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Sunday, March 1, 2015 |  Madison, WI: 27.0° F  Mostly Cloudy
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The facts about gas drive-offs
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With gas hitting $4 a gallon, you'd think there'd be a sharp rise here, as elsewhere, in the number of people who peel away from the pump without paying. You'd be wrong.

Only 78 drive-offs have been identified in case reports filed by Madison police officers so far this year, about half as many as during the same period last year, when the total hit 293, according to numbers provided by Madison Police Capt. Carl Gloede.

MPD spokesman Joel DeSpain recently heard about gas being siphoned from vehicles at a Madison business. He says the responding officer thought businesses ought not "fill gas tanks and then let vehicles sit over the weekend when employees are not present."

As for drive-offs, DeSpain says "it is the MPD's position that these really are preventable crimes if service station owners would require all to prepay."

Matt Hauser, president of the Madison-based Wisconsin Petroleum Marketers and Convenience Store Association (the name was actually shortened from an earlier version - don't ask), questions whether that's a good idea.

"I don't think our customers are quite ready for that," he says, noting that 40%-50% still pay in cash, down from 60% a few years back. Credit card purchases shave 2%-3% off sellers' already low markup, and requiring all customers to prepay "may convey to people that an area isn't safe."

Hauser reports only "a slight uptick" in drive-offs in recent years. He credits increased awareness by gas station employees, better security to catch offenders, and a 2003 law that threatens driver's license revocation for repeat offenders.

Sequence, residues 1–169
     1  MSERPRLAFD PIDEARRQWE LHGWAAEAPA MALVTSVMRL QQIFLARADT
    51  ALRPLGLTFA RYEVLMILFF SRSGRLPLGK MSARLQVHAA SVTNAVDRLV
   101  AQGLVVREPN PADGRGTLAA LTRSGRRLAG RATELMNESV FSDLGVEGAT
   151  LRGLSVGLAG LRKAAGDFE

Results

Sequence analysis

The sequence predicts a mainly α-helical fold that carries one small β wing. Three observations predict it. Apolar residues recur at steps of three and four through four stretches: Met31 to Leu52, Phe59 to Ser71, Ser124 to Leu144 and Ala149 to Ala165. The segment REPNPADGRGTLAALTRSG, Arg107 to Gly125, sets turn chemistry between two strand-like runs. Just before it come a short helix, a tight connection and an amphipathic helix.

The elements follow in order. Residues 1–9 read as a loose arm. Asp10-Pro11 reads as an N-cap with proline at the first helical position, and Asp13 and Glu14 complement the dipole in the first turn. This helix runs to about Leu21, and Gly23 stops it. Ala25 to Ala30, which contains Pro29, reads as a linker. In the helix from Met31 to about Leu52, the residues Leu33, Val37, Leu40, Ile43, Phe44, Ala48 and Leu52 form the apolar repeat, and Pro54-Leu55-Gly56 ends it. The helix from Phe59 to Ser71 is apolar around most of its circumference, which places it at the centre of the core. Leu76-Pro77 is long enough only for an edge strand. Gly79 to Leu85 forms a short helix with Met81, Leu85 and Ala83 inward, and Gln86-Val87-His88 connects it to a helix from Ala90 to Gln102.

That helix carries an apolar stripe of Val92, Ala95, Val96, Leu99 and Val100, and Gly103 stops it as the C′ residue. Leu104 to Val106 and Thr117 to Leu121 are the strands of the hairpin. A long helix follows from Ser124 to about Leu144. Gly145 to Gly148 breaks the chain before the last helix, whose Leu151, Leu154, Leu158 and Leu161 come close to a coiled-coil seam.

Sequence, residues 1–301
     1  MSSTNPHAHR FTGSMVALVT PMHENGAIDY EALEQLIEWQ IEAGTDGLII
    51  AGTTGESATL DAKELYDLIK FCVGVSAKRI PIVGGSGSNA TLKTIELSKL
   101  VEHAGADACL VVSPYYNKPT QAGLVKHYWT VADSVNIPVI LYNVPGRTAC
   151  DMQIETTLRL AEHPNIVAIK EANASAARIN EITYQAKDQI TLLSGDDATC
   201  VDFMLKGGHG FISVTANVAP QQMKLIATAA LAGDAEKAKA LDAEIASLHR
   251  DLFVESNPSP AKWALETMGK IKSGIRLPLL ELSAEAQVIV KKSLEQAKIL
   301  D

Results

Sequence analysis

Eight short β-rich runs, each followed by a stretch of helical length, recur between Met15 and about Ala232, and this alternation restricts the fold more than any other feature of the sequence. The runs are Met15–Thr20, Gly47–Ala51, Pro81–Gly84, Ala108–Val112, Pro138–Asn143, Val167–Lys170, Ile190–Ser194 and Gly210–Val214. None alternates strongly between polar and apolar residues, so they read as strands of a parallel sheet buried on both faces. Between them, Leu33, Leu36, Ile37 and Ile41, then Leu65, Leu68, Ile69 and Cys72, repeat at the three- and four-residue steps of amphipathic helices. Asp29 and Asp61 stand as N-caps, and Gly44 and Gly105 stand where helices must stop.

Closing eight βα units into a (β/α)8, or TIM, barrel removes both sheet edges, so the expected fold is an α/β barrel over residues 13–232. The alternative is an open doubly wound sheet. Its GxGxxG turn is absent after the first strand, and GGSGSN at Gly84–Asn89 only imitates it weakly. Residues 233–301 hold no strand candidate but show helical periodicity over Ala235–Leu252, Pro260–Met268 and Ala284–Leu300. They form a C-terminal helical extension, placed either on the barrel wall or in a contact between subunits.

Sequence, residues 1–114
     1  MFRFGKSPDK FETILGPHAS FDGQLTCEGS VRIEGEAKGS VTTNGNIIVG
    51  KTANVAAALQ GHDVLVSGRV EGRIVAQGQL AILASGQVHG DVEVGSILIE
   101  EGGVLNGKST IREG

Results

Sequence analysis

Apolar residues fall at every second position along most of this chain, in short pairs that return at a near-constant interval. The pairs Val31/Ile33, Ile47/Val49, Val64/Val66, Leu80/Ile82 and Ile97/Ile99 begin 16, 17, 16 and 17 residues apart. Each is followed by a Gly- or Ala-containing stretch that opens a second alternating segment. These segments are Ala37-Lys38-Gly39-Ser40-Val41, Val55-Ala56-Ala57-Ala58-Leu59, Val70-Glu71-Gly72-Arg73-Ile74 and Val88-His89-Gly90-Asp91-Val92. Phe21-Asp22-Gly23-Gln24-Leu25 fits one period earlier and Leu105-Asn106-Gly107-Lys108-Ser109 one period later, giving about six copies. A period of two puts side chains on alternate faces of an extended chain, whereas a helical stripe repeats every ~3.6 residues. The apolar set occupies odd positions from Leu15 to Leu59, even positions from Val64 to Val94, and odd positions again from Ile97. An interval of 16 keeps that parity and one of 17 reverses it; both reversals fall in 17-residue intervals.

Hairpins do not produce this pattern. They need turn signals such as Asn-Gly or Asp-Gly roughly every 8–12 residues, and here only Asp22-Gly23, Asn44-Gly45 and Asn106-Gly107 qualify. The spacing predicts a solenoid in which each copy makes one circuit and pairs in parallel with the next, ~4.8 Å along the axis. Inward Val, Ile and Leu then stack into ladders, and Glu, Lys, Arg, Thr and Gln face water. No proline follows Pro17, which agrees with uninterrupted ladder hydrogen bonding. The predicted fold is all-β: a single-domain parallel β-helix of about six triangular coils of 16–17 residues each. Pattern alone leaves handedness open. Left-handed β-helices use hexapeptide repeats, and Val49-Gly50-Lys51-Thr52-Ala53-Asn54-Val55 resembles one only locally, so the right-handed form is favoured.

But Hauser admits getting enforcement is difficult, even though his members believe "it's theft and ought to be treated as theft."

In fact, the drive-off law imposes only fines, not incarceration. That's why former Judge Moria Krueger, acting as a disciplinary hearing examiner, recently tossed part of a complaint against Madison police officer Michael Grogan.

Grogan failed to tell his bosses he was accused of driving off without paying for gas. Krueger concluded this did not violate MPD rules, because it was not a crime. "Something...must have inspired our lawmakers to decriminalize the act of taking gas," mused Krueger, who upheld Grogan's termination on other charges (see web post: "Ex-Judge to Cop: You're a Liar!," 1/4/08).

The Dane County Clerk of Courts office tabulates 17 prosecutions under this forfeiture ordinance over the last several years - three in 2005, seven in 2006, six in 2007 and one so far this year.

In only six cases were fines actually paid or "deemed paid" as part of deals. Most of the time, the charges were dismissed or the fines (now $375) imposed but never paid.

With the price of gas these days, who can afford fines?

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